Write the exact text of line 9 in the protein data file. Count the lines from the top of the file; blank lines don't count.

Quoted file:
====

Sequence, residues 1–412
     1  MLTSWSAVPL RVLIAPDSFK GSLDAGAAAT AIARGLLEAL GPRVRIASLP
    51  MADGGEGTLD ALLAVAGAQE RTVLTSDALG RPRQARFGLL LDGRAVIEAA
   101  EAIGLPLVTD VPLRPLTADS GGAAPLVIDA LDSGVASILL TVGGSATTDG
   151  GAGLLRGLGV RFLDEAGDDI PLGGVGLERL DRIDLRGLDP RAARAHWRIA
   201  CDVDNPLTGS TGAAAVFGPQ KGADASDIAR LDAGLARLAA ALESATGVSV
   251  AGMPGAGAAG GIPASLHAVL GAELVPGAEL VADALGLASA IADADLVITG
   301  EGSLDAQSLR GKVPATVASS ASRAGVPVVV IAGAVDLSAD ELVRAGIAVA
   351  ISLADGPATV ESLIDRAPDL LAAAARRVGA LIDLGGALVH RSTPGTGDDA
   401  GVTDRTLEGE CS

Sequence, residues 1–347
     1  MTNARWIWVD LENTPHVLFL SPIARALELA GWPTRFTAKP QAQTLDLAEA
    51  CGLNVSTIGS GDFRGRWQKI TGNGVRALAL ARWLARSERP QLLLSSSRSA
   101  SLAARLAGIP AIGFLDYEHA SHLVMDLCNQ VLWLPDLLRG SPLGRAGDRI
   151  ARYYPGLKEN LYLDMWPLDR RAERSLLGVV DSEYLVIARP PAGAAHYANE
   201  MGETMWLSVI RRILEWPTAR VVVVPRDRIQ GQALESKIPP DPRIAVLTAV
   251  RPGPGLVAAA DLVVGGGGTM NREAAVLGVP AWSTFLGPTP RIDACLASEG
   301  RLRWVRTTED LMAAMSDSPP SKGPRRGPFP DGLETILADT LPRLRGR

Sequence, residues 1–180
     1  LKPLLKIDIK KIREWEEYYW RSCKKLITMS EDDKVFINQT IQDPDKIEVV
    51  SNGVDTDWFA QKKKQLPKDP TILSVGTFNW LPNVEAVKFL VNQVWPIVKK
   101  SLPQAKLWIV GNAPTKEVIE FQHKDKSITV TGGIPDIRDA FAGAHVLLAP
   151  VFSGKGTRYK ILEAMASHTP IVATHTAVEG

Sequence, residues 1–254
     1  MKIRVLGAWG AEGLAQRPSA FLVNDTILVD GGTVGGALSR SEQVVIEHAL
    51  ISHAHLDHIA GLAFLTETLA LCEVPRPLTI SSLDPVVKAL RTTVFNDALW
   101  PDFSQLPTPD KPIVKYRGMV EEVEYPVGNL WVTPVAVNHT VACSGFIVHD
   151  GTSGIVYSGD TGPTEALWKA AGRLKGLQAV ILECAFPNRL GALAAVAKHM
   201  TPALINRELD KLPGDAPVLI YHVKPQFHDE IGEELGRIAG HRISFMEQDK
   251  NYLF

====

   351  ISLADGPATV ESLIDRAPDL LAAAARRVGA LIDLGGALVH RSTPGTGDDA